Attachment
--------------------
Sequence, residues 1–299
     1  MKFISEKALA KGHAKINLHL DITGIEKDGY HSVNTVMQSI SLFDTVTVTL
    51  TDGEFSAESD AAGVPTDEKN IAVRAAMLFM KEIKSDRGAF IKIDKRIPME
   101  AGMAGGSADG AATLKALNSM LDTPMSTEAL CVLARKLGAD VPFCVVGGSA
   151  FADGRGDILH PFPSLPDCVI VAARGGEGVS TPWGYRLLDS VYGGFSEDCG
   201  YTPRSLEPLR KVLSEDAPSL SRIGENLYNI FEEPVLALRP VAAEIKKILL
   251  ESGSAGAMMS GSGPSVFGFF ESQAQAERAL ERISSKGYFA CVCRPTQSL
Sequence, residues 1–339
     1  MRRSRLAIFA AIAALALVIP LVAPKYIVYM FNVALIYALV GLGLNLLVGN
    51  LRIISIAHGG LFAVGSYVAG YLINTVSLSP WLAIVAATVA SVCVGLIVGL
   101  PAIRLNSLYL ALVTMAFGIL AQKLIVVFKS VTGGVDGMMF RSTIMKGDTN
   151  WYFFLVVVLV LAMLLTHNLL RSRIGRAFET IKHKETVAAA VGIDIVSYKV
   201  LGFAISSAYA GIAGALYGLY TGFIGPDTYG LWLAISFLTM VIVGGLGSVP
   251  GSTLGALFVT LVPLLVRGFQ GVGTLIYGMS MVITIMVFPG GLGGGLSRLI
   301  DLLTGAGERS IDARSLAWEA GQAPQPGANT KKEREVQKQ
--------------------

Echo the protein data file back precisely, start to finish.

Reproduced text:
Sequence, residues 1–299
     1  MKFISEKALA KGHAKINLHL DITGIEKDGY HSVNTVMQSI SLFDTVTVTL
    51  TDGEFSAESD AAGVPTDEKN IAVRAAMLFM KEIKSDRGAF IKIDKRIPME
   101  AGMAGGSADG AATLKALNSM LDTPMSTEAL CVLARKLGAD VPFCVVGGSA
   151  FADGRGDILH PFPSLPDCVI VAARGGEGVS TPWGYRLLDS VYGGFSEDCG
   201  YTPRSLEPLR KVLSEDAPSL SRIGENLYNI FEEPVLALRP VAAEIKKILL
   251  ESGSAGAMMS GSGPSVFGFF ESQAQAERAL ERISSKGYFA CVCRPTQSL
Sequence, residues 1–339
     1  MRRSRLAIFA AIAALALVIP LVAPKYIVYM FNVALIYALV GLGLNLLVGN
    51  LRIISIAHGG LFAVGSYVAG YLINTVSLSP WLAIVAATVA SVCVGLIVGL
   101  PAIRLNSLYL ALVTMAFGIL AQKLIVVFKS VTGGVDGMMF RSTIMKGDTN
   151  WYFFLVVVLV LAMLLTHNLL RSRIGRAFET IKHKETVAAA VGIDIVSYKV
   201  LGFAISSAYA GIAGALYGLY TGFIGPDTYG LWLAISFLTM VIVGGLGSVP
   251  GSTLGALFVT LVPLLVRGFQ GVGTLIYGMS MVITIMVFPG GLGGGLSRLI
   301  DLLTGAGERS IDARSLAWEA GQAPQPGANT KKEREVQKQ